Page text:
- Redskins: Insult and Brand by C. Richard King
In April 2016, the Washington R*dskins organization filed a special petition with the Supreme Court seeking to overturn the revocation of six trademark registrations issued two years prior by the U.S. Patent and Trademark Office. The 2014 cancellation resulted from that body’s conclusion that the moniker violates the “disparagement clause” of federal trademark law. Despite mounting criticism, the team’s ownership continues to fight for the name, insisting that it honors native people. In a new twist, this latest petition also claims (erroneously) that, since Native Americans failed to object to the team name during previous patent applications, they had missed their chance to denounce it now.
In his timely, important, and eminently readable book, C. Richard King examines the cultural significance of the defiant attachment to a team name and brand rooted in a racist slur. In the face of growing discomfort and active opposition, team owner Dan Snyder has vowed to NEVER change the moniker (“you can use caps,” he declared in 2013). Much more than simply adherence to tradition, the intransigent defense of the name, King tells us, reflects the deep-seated resentment felt by white men toward “multiculturalism, feminism, and postindustrialization” (9). Indeed, he argues, the use of the word “R*dskins” speaks much more to notions of whiteness (and masculinity) than to ideas about Indians.
King traces the nearly century-long history of the Washington (formerly Boston) professional football team’s use of invented and ahistorical Indianness that effectively [End Page 117] constructs a framework for white male identity. Positioning itself as the “team of the South,” the R*dskins staunchly resisted racial integration until pressured to do so by the federal government under the Kennedy administration. At that time, the team toned down the most patently offensive Indian imagery, but the owner continued to reify and commodify the stereotype as a way to foster fans’ identification with the team and promote fierce, passionate, and lucrative loyalty to “R*dskin Nation.”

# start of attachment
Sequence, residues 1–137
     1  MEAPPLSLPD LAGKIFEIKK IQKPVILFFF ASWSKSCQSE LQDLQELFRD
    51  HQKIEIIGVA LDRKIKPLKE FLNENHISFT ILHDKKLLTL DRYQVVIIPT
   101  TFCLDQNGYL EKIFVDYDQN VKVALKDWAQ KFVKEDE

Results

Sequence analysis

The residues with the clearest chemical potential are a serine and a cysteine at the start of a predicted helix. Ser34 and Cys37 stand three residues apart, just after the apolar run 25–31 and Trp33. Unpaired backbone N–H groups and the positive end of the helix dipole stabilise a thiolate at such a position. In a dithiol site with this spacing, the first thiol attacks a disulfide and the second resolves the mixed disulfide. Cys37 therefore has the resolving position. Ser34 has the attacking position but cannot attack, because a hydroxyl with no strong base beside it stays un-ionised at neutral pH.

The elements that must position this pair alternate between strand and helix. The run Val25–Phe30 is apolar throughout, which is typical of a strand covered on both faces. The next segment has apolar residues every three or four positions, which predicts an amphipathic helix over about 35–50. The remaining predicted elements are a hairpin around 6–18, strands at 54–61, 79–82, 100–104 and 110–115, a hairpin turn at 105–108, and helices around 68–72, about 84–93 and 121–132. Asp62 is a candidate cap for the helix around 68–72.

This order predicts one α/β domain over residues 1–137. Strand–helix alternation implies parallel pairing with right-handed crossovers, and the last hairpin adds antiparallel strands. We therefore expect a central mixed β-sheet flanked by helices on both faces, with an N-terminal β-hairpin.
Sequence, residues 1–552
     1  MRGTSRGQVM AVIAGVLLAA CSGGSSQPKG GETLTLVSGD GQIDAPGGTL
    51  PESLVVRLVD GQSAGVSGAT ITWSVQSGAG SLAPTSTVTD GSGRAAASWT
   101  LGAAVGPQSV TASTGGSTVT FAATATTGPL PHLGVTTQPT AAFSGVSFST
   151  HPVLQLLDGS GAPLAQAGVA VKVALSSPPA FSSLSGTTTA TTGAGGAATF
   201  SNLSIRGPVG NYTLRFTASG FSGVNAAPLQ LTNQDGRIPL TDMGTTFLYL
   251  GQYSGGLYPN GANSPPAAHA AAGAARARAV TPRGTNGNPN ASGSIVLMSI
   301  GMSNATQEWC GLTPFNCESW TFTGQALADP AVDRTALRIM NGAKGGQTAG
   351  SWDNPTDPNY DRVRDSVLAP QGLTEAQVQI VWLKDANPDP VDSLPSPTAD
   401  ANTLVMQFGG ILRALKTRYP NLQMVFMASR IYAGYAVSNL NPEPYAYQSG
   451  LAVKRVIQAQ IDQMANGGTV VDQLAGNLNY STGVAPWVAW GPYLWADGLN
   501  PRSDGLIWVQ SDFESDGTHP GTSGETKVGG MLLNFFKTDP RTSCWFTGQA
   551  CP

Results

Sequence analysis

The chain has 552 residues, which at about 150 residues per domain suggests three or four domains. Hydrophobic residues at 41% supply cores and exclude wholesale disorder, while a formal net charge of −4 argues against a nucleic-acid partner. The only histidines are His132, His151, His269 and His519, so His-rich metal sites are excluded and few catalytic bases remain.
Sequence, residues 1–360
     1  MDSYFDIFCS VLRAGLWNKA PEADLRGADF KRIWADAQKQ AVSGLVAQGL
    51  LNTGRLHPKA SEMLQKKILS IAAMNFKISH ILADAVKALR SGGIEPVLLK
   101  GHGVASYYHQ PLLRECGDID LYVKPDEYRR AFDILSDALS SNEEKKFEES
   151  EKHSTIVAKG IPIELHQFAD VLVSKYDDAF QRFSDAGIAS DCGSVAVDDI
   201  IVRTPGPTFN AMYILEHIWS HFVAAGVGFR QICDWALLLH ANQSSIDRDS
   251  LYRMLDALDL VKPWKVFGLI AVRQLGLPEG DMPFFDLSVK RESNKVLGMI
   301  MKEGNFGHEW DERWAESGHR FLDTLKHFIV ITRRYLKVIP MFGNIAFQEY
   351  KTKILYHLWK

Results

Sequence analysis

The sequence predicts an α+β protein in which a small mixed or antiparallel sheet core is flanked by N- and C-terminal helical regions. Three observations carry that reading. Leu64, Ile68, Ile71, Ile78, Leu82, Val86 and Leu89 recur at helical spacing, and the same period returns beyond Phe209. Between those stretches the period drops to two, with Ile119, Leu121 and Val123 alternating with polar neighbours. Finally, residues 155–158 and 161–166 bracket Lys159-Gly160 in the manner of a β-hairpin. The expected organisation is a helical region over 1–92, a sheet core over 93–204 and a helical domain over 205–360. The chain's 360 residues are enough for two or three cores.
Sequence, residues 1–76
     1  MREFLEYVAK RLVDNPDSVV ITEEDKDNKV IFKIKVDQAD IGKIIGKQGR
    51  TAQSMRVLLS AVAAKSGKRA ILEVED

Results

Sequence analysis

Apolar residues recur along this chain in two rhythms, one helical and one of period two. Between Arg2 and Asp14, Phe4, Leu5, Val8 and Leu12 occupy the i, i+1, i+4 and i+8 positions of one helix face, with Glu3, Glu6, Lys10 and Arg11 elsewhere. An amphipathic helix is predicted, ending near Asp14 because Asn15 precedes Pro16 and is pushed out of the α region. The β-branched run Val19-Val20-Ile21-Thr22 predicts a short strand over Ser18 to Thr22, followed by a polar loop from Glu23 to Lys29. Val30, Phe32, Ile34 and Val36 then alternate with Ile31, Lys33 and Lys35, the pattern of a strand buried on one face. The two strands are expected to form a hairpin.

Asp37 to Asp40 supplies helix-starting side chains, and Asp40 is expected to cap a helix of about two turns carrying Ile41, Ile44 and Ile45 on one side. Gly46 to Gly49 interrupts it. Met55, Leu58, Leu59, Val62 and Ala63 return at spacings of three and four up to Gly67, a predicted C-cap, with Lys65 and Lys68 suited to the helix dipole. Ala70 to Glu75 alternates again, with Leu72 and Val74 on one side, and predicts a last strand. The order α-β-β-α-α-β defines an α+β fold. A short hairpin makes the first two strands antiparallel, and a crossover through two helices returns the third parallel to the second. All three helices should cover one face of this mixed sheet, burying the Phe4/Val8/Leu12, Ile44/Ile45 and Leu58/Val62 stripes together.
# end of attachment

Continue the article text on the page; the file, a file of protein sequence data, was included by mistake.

The name itself and the associated iconography not only perpetuate stereotypes and outright racism, but they also promote the erasure of Native Americans in contemporary society. Invented Indians like the D.C. team’s mascot have become accepted as more real and authentic than actual, living people. And the blindness extends to anti-Indian racism itself; when devotees of the name insist on their own noble intent, they deny the legitimacy of claims of offense and harm. As King powerfully demonstrates, the moniker’s persistence has the effect of entrenching the disparagement and dehumanization of Indigenous people, regardless of its proponents’ objective. It simultaneously affirms the racial order premised on the privilege of everyday, unremarkable whiteness. “It’s not me they are honoring,” explained Autumn White Eyes, a Lakota Indian. “[T]hey are honoring themselves for doing such a good job on killing all the Indians” (106).
King methodically dismantles the organization’s disingenuous claim that they are honoring and respecting Indigenous people by retaining the team’s moniker. Through an array of contemporary examples that demonstrate harm caused by the name and an effective grounding in the history of both the term and the team’s adoption of it, King makes a powerful case that the term r*dskin should be retired as other offensive epithets have been. As it is, the team’s self-serving myth-making only serves to perpetuate “the ownership of Indianness, the denial of history and power, and the preservation of [white] privilege” (28). It does absolutely nothing to genuinely esteem Indigenous people in the United States.